Hell, I even feel bad for Trump. Can the dude do anything right? The World Series champions visit him, they’re from D.C., and one guy likes him enough to put on that stupid MAGA cap with its stink of racism. And he does this. It's a combo of pathetic cling (“Thank god, somebody likes me”) and copping a feel (“When you‘re a star, they let you do it”).
Not everyone on the Nats went to the ceremony. Sean Doolittle stated his objection over the weekend in smart, measured terms, while two other regulars—third baseman Anthony Rendon and center fielder Victor Robles—bowed out as well. About half a dozen minor players refused, too.
Meanwhile, Ryan Zimmerman, the longest-standing National, the first draft pick once they moved from Montreal, gave Trump a Nats/45 jersey and thanked him for keeping America great. One wonders what the clubhouse must be like. One wonders what the players from Trump-termed “shithole countries” must feel like.
Throughout the World Series, I felt bad that I was rooting for the Astros rather than the underdog Nationals. I don’t feel that any more.
Nats Bring D.C. First Title in 95 Years
Too matchy matchy? Nats go gray on gray for victory celebration in Houston.
I‘ve been sick for the last few days so never got around to writing about the 2019 World Series and/or Game 7. Main thought about the latter: It turned on three 7th-inning bads for the Astros:
- Bad pitch: by Zack Greinke to Anthony Rendon with one out in the top of the 7th; found too much of the plate, and he smashed it into the left-field seats to put the Nats on the board
- Bad call: on the fourth pitch to Juan Soto; it was clearly a strike, the ump called it a ball, and the count went to 3-1 rather than 2-2; Greinke walked him on the next pitch, which lead to...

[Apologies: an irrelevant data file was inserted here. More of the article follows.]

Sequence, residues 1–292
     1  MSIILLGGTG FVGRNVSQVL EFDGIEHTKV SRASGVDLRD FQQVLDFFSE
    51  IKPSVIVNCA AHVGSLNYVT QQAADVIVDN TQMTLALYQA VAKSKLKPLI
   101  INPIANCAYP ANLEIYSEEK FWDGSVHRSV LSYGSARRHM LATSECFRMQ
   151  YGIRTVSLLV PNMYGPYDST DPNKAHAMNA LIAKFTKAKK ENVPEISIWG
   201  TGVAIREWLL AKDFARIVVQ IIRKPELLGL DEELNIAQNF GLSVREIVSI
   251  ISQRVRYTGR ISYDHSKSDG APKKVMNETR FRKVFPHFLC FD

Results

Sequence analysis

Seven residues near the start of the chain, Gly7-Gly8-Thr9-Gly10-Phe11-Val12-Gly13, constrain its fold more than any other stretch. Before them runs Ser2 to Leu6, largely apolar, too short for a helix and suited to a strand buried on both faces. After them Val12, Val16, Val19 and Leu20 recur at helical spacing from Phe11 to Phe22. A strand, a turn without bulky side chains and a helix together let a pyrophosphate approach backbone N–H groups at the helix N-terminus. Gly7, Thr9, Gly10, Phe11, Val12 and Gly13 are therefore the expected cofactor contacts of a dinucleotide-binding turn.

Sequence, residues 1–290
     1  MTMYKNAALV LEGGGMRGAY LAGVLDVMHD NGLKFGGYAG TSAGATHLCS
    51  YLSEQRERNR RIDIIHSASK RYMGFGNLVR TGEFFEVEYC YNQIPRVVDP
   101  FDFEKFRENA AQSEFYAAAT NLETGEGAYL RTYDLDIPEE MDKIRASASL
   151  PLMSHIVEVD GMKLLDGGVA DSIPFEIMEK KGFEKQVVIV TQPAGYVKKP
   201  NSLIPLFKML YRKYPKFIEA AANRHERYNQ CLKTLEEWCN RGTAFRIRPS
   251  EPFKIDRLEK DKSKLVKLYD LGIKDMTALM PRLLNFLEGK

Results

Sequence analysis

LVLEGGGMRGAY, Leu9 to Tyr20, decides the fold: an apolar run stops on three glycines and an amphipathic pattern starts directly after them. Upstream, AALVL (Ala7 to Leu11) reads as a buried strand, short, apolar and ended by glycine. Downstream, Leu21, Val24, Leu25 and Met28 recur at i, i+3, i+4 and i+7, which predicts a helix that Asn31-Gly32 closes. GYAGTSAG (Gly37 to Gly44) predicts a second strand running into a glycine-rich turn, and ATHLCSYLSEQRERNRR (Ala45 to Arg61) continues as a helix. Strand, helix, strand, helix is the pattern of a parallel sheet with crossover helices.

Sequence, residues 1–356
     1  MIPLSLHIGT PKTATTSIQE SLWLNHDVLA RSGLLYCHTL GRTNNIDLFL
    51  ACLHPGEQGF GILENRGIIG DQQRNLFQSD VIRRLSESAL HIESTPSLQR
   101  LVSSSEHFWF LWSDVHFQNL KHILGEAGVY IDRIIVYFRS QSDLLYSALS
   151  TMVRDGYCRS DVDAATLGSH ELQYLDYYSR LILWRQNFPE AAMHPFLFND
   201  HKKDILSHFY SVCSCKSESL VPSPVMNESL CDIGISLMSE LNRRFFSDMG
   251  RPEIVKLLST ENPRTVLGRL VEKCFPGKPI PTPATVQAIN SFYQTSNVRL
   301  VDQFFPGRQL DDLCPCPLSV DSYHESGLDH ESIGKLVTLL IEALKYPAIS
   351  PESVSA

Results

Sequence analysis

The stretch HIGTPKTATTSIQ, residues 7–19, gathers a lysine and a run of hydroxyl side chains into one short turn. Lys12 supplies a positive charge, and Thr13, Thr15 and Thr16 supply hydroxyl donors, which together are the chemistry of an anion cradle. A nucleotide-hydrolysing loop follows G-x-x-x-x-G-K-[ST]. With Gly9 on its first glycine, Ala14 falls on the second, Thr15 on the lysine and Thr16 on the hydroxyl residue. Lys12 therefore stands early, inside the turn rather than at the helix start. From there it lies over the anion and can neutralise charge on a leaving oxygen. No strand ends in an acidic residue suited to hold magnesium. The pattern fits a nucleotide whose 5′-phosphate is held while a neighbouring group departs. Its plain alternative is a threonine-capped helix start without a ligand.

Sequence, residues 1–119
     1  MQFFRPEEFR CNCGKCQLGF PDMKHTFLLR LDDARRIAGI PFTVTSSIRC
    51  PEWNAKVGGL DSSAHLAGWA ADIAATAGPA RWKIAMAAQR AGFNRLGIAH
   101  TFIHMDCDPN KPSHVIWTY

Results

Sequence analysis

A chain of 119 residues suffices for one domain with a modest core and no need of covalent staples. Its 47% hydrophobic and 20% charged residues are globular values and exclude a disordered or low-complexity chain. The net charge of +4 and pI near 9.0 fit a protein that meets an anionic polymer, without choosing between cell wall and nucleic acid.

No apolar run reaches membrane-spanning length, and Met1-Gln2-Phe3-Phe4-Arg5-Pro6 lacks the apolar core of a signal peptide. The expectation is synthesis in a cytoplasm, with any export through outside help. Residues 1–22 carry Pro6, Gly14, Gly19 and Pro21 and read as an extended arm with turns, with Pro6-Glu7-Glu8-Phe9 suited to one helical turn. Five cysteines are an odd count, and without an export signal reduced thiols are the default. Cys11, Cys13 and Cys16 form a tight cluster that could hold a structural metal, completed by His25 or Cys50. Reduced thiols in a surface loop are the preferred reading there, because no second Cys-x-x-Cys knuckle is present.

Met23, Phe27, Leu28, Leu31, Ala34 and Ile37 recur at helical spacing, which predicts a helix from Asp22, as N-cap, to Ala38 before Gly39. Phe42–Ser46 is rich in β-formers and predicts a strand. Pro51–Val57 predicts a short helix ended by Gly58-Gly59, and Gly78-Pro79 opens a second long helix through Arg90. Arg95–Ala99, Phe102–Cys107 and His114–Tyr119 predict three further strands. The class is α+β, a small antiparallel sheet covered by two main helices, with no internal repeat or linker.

- Bad move: by manager A.J. Hinch, who pulled Greinke after that pitch—only his 80th
We’ll never know what would‘ve happened if the ump had made the right call and/or Hinch had shown more faith in Greinke. We do know what happened when Hinch brought in set-up man Will Harris, who’d had a great year (60 IP, 1.50 ERA, 0.93 WHIP, 60-14 K/BB), but who'd faced the Nats four times already, and who, the day before, had given up a 2-run homer to Rendon—turning a slight 3-2 Astros deficit into a more problematic 5-2 hole. This time, he turned a 2-1 Astros lead into a 3-2 lead for the Nats when Howie Kendrick opposite-fielded his second pitch, an outside cutter, and the ball banged off the foul pole for a 2-run homer. Harris then gave up a single to Asdrubal Cabrera and was done for the night, the series, the season. Cameras caught him, head down, pained, in the dugout as the Nats built their lead out with a run in the 8th and two more in the 9th—but all that can be on Hinch, too. He'd had Gerrit Cole, one of the best starters in baseball, warming up but he never went to him. Later, he said he was saving him for a closer role that never came. That's about one of the dumbest things a manager can do in a regular season game, let alone Game 7 of the World Series. When there's no tomorrow, you save nothing.
Nats didn't even have to go to their sometime closer, Sean Doolittle, opting instead for starter Patrick Corbin in the 6th (he got the win) and Daniel Hudson in the 9th, and the vaunted Astros, who won 107 games this season, went gently into that good night. As they saw their deficit grow from one run in the 7th, to two in the 8th, to four in the 9th, they stopped hitting. Their last baserunner was Yuri Gurriel's two-out single in the 7th. After that, they didn't even get the ball out of the infield: 1-3, K, 6-3, K, 5, K, K. The last three were their top-of-the-order guys: Springer, Altuve, Brantley.